Note that little difference was observed between wild type and CB1 knock out mice treated with THC in the tail flip assay. [1] The tail flip response mght be mediated by another THC receptor.

The terpene study only subjected the distal portion of the mouse tail to a water bath set to 52 °C. The time for the mouse to flick its tail out of the water was recorded. [2] Mice were then injected with compounds intraperitoneally (i.p.). The tail flick assay was repeated over a time course of 2 hours.

Adapted from LaVigne 2020 Figure 2 [2](n = 10–14/group). Statistics analyzed via RM two-way ANOVA, Dunnett’s post hoc; *p < 0.05, **p < 0.01, ***p < 0.001, ****p < 0.0001, compared to terpene alone at same time point. The animal response to 5.6 mg/kg WIN55,212-2 (“WIN Alone”)

The terpenes clearly elicit a tail flip response. Win alone and the terpene alone tend to be about the same. The terpene plus Win is additive. Rimonabant inhibits the increase in latency.

Points and discussion from LaVigne [2]

The LaVigne saga, published in the prestigious Nature journal spinoff Scientific Reports continued with demonstrating low affinity of these terpenes for CB1 and limited down stream signalling. [2] Some points they made in their discussion shift the paradigm of thinking regarding the entourage effect of terpenes and THC.

(1) direct modulation of membrane dynamics, shifting CB1 activation equilibrium to favor the activated receptor;  

All of this makes complete and total sense. Cholesterol and terpenes share geranyl pyrophosphate as an intermediate. Linalool and Geraniol have certain structural features in common with membrane stabilizing cholesterol.

(2) terpene modulation of endocannabinoid synthesis and/or degradation, which would then result in CB1 activation by these endocannabinoids. “It has been suggested that membrane composition and dynamics heavily influence the cannabinoid receptor

Terpenes and fungal membranes

The cell walls of Candida albicans fungal cells were removed enzymatically leaving only the “prptp[;asts.” The electron paramagnetic resonance ( EPR) probes 5- and 16-doxylstearic acid were used to label the protoplasts. [3] Doxyl is a lipophillic free radical with an unpaired electron that yield information on membrane fluidity 5- and 16 carbons into the interior of the bilayer. Linaool was found to have a fluidizing effect in superficial regions of and a rigidifying effect in deeper layers.[4] Phase transitioning temperature was also a factor as well as leakage of cellular components. [4]

Another study examined the influence of humulene and mercene on lipid monolayers containing the fungal version of cholesterol, egosterol. [5] Brewster angle microscopy was used to measure changes in the packing pressures of the monolayers in response to humulene. [5] Model fungal lipid bilayers were prepared from 1-palmitoyl-2-oleoyl-snglycero-3-phosphoethanolamine (POPE), 1-palmitoyl-2-oleoyl-sn-glycero-3-phosphocholine (POPC) and ergosterol. [4] Changes in membrane fluidity was assessed with the fluorescence anisotropy probe DPH. When membrane fluidity is high, DPH tumbles fast such that it may rotate into a different plane before it emits a photon at a lower energy (longer wavelength) than the polorized photon with which it was excited. If the membrane containing the DPH probe is rigid, most emitted light will be in the same plane as the light with which it was excited. The lower the anisotropy, the more the probe is tumbling. In this case, the lower r, the more fluid the membrane.

A cartoon to illustrate the physics behind fluorescence anisotropy was added to a graph from Figure 5 of reference [5]The mole percent of ergosterol in the liposomes was added for clarity.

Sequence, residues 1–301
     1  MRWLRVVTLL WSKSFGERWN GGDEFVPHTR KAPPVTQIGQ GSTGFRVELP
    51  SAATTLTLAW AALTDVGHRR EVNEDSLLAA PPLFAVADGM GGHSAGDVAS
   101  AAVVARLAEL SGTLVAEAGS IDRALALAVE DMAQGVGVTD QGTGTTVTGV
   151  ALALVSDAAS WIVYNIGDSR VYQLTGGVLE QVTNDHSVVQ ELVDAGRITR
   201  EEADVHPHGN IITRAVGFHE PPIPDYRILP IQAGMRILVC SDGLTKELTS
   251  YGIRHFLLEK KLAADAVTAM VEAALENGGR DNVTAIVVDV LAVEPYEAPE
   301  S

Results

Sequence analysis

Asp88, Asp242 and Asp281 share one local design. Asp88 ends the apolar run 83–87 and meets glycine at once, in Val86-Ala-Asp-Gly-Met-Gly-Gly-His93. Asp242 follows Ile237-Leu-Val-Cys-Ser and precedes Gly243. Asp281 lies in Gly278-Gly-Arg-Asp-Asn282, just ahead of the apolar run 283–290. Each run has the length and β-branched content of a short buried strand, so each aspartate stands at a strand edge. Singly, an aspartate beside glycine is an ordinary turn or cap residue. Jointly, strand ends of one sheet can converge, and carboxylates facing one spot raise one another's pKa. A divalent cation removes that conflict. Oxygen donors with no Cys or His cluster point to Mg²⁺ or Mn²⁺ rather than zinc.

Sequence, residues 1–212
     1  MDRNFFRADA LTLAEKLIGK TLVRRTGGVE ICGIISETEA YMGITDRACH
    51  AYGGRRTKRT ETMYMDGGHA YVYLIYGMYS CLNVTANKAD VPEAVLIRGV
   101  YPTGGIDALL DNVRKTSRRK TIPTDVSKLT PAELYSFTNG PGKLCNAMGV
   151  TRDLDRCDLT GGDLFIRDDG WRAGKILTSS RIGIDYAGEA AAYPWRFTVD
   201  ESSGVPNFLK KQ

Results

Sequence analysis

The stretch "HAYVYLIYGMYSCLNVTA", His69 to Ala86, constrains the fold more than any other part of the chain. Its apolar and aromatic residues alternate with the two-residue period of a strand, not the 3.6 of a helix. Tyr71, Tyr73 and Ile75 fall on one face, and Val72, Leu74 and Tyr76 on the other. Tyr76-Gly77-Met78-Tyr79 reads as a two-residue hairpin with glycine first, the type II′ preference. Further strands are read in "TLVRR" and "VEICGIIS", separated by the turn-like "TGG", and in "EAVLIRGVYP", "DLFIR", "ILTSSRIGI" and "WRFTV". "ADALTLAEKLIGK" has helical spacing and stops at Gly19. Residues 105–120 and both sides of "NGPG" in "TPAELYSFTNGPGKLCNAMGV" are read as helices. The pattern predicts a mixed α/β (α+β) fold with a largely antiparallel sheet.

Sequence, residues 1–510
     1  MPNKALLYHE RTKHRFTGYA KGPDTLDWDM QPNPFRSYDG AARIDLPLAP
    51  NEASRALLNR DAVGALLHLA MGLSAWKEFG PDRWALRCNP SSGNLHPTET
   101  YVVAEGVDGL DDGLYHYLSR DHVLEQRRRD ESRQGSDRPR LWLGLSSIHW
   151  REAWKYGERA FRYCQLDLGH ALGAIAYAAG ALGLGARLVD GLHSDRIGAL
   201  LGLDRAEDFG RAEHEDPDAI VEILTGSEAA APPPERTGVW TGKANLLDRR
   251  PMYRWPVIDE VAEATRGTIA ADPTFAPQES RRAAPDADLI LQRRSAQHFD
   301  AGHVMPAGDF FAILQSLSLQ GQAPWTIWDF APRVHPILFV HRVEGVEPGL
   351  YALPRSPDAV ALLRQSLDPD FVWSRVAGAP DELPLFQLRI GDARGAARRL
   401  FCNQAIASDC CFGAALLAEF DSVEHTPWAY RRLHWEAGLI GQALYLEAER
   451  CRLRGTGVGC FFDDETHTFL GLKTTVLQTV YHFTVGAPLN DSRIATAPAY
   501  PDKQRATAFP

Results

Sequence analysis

These data showing that the fungal version of cholesterol, ergosterol, can interact with humulene has interesting implications of a review on cholesterol targeting anandamide to CB1. [5]

  • Cholesterol may be a non protein targeting agent in lipid rafts that also include .sphingolipids . [6]
  • Anandamide has been localized between TMH6 and TMH7 of CB1, the latter of which displays two potential cholesterol binding domains, one in each leaflet of the membrane [6]
  • This review discusses serum albumin as a carrier of anandamide, anandamide aggregates, and different conformations of this neruotransmitter. [6]

Terpene targets thoughts

Much of this website seems to currently be devoted to “this terpene binds to some allosteric site on GABAA.” The remarkable thing about hte Lavigne (2021) study is that it was opened the door to the possibility that terpenes might also target any membrane molecule that is regulated by cholesterol. Not reviewed in this post, cholesterol modulates G protein coupled receptor dimerization. Does this include CB1/adenosine A2A heterodimers? How does the cholesterol and other lipid content in the vacinity of a presynaptic neuron differ from that of CB1 on brown fat cells or skeletal muscle? Can a terpene dissolve well in one and not the other?


  1. Zimmer, A., Zimmer, A. M., Hohmann, A. G., Herkenham, M., & Bonner, T. I. (1999). Increased mortality, hypoactivity, and hypoalgesia in cannabinoid CB1 receptor knockout mice. Proceedings of the National Academy of Sciences of the United States of America, 96(10), 5780–5785. free article
  2. LaVigne, J. E., Hecksel, R., Keresztes, A., & Streicher, J. M. (2021). Cannabis sativa terpenes are cannabimimetic and selectively enhance cannabinoid activity. Scientific reports, 11(1), 8232. PMC free article
  3. Oláh, T., Bodnár, D., Tóth, A., Vincze, J., Fodor, J., Reischl, B., Kovács, A., Ruzsnavszky, O., Dienes, B., Szentesi, P., Friedrich, O., & Csernoch, L. (2016). Cannabinoid signalling inhibits sarcoplasmic Ca2+ release and regulates excitation-contraction coupling in mammalian skeletal muscle. The Journal of physiology, 594(24), 7381–7398. PMC free article
  4. Blaskó Á, Gazdag Z, Gróf P, Máté G, Sárosi S, Krisch J, Vágvölgyi C, Makszin L, Pesti M. Effects of clary sage oil and its main components, linalool and linalyl acetate, on the plasma membrane of Candida albicans: an in vivo EPR study. Apoptosis. 2017 Feb;22(2):175-187.
  5. Połeć K, Olechowska K, Klejdysz A, Dymek M, Rachwalik R, Sikora E, Hąc-Wydro K. The influence of ergosterol on the action of the hop oil and its major terpenes on model fungi membranes. Towards understanding the mechanism of action of phytocompounds for food and plant protection. Chem Phys Lipids. 2021 Aug;238:105092. PMC free article
  6. Di Scala, C., Fantini, J., Yahi, N., Barrantes, F. J., & Chahinian, H. (2018). Anandamide Revisited: How Cholesterol and Ceramides Control Receptor-Dependent and Receptor-Independent Signal Transmission Pathways of a Lipid Neurotransmitter. Biomolecules, 8(2), 31. PMC free article